A Paley biographer offered readers a number of comparisons between the two czars running CBS and NBC. “Although Sarnoff had the superior intellect, he was deliberate and methodical and in his eyes, everything Paley achieved came too easily. To Sarnoff, Paley was a child of privilege,” wrote the chronicler. “Sarnoff never appreciated that Paley was a creative and shrewd entrepreneur who leaned on and learned from his top administrators…. Paley was not in charge all the time as Sarnoff was.” Identifying Sarnoff as “a starched shirt who remained aloof from NBC executives,” the author furthermore claimed: “Sarnoff surrounded himself with a tight circle of loyal RCA yes-men. He was a visionary, and did not absorb ideas from others as Paley did.” At the same time, “Paley shared some of Sarnoff’s traits—an enormous ego, a hunger for publicity, a growing contempt for underlings. Yet Paley’s strivings were nearly invisible, his actions always veiled in gentility. Sarnoff was harshly despotic, and fairly bristled with cockiness and authority.”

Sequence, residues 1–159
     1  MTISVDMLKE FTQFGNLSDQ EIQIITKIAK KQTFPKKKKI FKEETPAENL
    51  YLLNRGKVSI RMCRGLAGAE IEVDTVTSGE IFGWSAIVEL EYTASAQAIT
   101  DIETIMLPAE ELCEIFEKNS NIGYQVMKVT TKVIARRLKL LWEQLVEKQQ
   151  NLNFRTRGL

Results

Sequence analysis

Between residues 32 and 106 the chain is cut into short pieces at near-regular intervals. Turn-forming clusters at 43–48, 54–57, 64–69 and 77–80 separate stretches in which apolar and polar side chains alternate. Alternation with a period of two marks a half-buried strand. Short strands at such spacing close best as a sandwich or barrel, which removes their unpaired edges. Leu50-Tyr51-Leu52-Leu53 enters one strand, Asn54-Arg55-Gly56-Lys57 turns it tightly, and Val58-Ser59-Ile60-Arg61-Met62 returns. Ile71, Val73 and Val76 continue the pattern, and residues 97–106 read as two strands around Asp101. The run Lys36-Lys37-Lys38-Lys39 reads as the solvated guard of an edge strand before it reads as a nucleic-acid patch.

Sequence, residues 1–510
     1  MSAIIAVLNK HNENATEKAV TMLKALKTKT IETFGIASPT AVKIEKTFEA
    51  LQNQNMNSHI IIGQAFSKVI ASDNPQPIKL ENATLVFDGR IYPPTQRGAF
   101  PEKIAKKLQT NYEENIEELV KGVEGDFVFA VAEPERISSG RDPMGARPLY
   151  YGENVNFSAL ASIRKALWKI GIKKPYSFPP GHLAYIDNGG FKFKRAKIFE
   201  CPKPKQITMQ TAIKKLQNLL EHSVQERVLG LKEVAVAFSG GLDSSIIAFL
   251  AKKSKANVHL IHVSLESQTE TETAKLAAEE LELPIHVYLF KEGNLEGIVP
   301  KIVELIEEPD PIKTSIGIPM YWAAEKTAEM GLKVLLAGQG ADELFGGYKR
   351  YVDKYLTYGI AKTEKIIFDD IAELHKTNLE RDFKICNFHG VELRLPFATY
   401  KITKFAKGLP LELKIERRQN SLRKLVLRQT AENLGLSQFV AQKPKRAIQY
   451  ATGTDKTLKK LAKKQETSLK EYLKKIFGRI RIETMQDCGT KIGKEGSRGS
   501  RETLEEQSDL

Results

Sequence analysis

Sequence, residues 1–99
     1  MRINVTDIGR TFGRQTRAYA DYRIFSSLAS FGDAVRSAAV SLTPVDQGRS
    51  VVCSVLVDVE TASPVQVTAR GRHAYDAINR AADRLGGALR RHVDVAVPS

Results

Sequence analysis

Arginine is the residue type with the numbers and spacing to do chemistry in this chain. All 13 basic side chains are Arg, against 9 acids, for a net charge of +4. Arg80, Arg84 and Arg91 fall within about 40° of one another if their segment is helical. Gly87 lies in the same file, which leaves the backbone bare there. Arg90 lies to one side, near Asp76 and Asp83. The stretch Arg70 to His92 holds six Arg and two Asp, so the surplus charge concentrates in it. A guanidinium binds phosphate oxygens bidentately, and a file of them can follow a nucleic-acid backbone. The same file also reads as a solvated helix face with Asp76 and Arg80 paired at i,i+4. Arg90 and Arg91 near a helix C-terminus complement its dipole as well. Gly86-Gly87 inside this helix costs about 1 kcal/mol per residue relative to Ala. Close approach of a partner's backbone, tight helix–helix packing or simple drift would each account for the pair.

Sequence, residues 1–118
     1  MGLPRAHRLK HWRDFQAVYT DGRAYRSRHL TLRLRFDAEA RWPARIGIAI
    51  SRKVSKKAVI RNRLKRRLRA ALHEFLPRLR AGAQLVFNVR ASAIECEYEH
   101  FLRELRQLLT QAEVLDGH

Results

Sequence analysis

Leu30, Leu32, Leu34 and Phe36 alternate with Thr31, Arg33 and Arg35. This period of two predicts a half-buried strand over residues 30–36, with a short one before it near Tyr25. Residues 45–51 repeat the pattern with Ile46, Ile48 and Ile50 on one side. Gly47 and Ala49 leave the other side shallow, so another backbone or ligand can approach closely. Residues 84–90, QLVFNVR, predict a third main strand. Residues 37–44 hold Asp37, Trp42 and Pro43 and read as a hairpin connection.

Sarnoff also lacked Paley’s feel for popular culture. The RCA executive enjoyed nothing better than listening to classical music, maintaining contempt for comics such as Amos ‘n’ Andy, Benny, Fred Allen, Bergen, Skelton and Bob Hope, all of whom had made his radio empire prestigious and him an utterly wealthy man. An ex-aide revealed that Sarnoff saw broadcasting as “a means of bridging cultural differences, bringing people together in greater understanding of one another.”
Paley, on the other hand, had a genius for mass programming, primarily because it reflected his personal tastes. Sarnoff, the broadcasting pioneer and idealist, was perceptibly vexed that his opposite number was lauded publicly as “radio’s restless conscience.” In his view, Paley was an opportunist devoid of any long-range vision for the business. “Paley needed to see how something worked before he could embrace it,” a journalist admonished. “Paley reaped where Sarnoff sowed—which rankled Sarnoff no end.”
Although Paley won the biggest battle that the two men fought in their radio sparring when he carried out his blitzkrieg talent raids, he didn’t win every time. He struggled doggedly to acquire aircasting rights to the Metropolitan Opera when that distinguished performing group was entering the ether in 1931. Despite his rigorous efforts to capture the esteemed prize, he lost it to the craftier Sarnoff when NBC bid $122,000 for broadcast rights. That chain supposedly didn’t know what CBS had proffered earlier, $120,000. Paley was enraged when he failed, nonetheless. “It was a bitter blow and one that I resented for a long time,” he freely admitted.